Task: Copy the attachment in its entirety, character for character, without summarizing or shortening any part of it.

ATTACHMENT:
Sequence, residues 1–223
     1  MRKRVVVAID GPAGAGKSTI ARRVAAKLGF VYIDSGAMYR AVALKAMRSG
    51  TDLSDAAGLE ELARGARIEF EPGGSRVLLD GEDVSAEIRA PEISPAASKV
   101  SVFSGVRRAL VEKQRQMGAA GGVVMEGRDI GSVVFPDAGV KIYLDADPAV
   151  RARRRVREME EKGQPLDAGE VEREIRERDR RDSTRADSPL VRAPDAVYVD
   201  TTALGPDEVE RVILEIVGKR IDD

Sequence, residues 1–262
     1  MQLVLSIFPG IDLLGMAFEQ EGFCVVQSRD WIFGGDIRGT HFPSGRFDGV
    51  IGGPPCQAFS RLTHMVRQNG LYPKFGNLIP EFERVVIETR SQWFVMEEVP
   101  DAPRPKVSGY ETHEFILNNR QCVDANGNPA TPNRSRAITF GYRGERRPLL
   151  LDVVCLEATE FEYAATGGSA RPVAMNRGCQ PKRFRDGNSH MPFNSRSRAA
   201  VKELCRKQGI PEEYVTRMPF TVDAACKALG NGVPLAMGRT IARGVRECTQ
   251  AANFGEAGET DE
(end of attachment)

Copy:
Sequence, residues 1–223
     1  MRKRVVVAID GPAGAGKSTI ARRVAAKLGF VYIDSGAMYR AVALKAMRSG
    51  TDLSDAAGLE ELARGARIEF EPGGSRVLLD GEDVSAEIRA PEISPAASKV
   101  SVFSGVRRAL VEKQRQMGAA GGVVMEGRDI GSVVFPDAGV KIYLDADPAV
   151  RARRRVREME EKGQPLDAGE VEREIRERDR RDSTRADSPL VRAPDAVYVD
   201  TTALGPDEVE RVILEIVGKR IDD

Sequence, residues 1–262
     1  MQLVLSIFPG IDLLGMAFEQ EGFCVVQSRD WIFGGDIRGT HFPSGRFDGV
    51  IGGPPCQAFS RLTHMVRQNG LYPKFGNLIP EFERVVIETR SQWFVMEEVP
   101  DAPRPKVSGY ETHEFILNNR QCVDANGNPA TPNRSRAITF GYRGERRPLL
   151  LDVVCLEATE FEYAATGGSA RPVAMNRGCQ PKRFRDGNSH MPFNSRSRAA
   201  VKELCRKQGI PEEYVTRMPF TVDAACKALG NGVPLAMGRT IARGVRECTQ
   251  AANFGEAGET DE